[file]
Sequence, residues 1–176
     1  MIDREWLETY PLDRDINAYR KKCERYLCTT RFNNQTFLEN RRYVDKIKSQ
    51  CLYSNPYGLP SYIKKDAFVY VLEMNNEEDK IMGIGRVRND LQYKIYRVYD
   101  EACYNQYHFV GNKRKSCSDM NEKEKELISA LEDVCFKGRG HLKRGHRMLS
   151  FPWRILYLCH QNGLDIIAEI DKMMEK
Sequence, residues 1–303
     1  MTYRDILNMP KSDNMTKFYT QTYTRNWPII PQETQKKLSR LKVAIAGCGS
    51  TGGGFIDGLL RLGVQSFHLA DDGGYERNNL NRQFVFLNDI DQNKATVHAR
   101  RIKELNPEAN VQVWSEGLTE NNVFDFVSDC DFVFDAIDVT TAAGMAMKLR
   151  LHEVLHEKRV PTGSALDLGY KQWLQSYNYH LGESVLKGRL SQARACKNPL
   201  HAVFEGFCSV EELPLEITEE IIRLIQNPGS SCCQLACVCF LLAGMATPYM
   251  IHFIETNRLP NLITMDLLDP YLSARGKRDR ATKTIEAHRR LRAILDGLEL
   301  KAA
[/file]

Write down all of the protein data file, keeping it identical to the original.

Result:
Sequence, residues 1–176
     1  MIDREWLETY PLDRDINAYR KKCERYLCTT RFNNQTFLEN RRYVDKIKSQ
    51  CLYSNPYGLP SYIKKDAFVY VLEMNNEEDK IMGIGRVRND LQYKIYRVYD
   101  EACYNQYHFV GNKRKSCSDM NEKEKELISA LEDVCFKGRG HLKRGHRMLS
   151  FPWRILYLCH QNGLDIIAEI DKMMEK
Sequence, residues 1–303
     1  MTYRDILNMP KSDNMTKFYT QTYTRNWPII PQETQKKLSR LKVAIAGCGS
    51  TGGGFIDGLL RLGVQSFHLA DDGGYERNNL NRQFVFLNDI DQNKATVHAR
   101  RIKELNPEAN VQVWSEGLTE NNVFDFVSDC DFVFDAIDVT TAAGMAMKLR
   151  LHEVLHEKRV PTGSALDLGY KQWLQSYNYH LGESVLKGRL SQARACKNPL
   201  HAVFEGFCSV EELPLEITEE IIRLIQNPGS SCCQLACVCF LLAGMATPYM
   251  IHFIETNRLP NLITMDLLDP YLSARGKRDR ATKTIEAHRR LRAILDGLEL
   301  KAA